May 3, 2015

WINNING THE WAR ON WAGES:

Our Police Union Problem (Ross Douthat, 5/02/15, NY Times)

FOR decades now, conservatives have pressed the case that public sector unions do not serve the common good.

The argument is philosophical and practical at once. First, the state monopoly on certain vital services makes even work slowdowns unacceptable and the ability to fire poor-performing personnel essential, and a unionized work force creates problems on both fronts.

Second, the government's money is not its own, so negotiations between politicians and their employees (who are also often their political supporters) amount to a division of spoils rather than a sharing of profits. Third, these negotiations inevitably drive up the cost of public services, benefiting middle-class bureaucrats at the expense of the poor, and saddling governments with long-term fiscal burdens that the terms of union contracts make it extremely difficult to lift.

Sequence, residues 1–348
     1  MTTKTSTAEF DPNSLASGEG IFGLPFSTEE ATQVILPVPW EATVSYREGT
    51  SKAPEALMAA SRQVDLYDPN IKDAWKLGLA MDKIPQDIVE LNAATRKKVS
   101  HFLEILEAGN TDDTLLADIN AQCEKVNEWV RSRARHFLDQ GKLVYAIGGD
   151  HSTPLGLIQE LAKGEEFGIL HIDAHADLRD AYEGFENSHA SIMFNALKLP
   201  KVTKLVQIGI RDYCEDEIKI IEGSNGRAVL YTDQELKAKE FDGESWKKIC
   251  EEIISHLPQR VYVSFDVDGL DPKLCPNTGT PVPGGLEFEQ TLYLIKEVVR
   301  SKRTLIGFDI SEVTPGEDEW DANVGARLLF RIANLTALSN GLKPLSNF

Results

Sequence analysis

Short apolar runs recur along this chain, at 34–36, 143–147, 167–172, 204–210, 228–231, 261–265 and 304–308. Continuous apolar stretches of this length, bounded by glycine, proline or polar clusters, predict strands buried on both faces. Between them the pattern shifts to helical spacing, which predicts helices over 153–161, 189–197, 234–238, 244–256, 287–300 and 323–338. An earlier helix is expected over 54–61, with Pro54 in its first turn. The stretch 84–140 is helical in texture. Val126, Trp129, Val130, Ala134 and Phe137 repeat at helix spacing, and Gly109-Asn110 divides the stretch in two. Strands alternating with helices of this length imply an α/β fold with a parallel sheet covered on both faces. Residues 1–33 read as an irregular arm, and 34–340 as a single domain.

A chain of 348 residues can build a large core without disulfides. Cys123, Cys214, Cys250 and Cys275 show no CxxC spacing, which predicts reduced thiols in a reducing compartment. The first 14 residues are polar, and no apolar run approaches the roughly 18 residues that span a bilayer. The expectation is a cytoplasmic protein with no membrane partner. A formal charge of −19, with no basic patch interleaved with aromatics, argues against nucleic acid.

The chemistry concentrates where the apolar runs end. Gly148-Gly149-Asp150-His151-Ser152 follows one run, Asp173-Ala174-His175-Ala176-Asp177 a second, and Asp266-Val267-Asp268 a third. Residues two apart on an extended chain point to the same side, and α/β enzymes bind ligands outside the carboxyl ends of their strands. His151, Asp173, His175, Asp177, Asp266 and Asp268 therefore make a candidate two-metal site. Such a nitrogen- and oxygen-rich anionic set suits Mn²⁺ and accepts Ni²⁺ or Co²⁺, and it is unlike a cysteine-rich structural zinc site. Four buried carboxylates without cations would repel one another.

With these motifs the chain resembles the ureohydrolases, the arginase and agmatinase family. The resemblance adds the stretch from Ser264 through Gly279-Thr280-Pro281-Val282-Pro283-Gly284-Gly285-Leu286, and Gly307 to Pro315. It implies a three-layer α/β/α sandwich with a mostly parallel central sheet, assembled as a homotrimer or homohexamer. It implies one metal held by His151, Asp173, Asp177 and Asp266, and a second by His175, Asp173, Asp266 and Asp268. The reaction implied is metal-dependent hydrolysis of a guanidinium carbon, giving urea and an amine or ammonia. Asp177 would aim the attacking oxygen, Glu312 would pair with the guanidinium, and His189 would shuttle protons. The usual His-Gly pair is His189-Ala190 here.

Finally, union lobbying power can bias public-policy decisions toward the interests of state employees. To take just one particularly perverse example: In California over the last few decades, the correctional officers union first lobbied for a prison-building spree and then, well-entrenched, exercised veto power over criminal justice reform.

These points add up to a strong argument that the rise of public sector unions represents a decadent phase in the history of the welfare state, a case study in the warping influence of self-dealing and interest-group politics.

But as we've been reminded by the agony of Baltimore, this argument also applies to a unionized public work force that conservatives are often loath to criticize: the police.


That some good may come of riots.

Posted by at May 3, 2015 9:35 AM
  

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